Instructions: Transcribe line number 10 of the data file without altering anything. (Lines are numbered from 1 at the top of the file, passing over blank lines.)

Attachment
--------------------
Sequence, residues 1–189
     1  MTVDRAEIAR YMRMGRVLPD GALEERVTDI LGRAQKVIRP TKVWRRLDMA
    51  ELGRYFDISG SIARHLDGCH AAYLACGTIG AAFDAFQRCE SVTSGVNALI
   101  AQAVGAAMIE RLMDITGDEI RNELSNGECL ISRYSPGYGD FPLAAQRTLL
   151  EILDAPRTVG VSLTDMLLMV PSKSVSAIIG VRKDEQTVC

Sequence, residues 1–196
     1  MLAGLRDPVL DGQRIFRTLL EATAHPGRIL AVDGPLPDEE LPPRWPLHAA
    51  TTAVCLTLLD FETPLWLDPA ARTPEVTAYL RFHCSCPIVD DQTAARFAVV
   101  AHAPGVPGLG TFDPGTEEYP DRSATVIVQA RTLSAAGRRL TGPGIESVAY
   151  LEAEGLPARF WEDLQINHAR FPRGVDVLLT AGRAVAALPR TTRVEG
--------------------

   151  LEAEGLPARF WEDLQINHAR FPRGVDVLLT AGRAVAALPR TTRVEG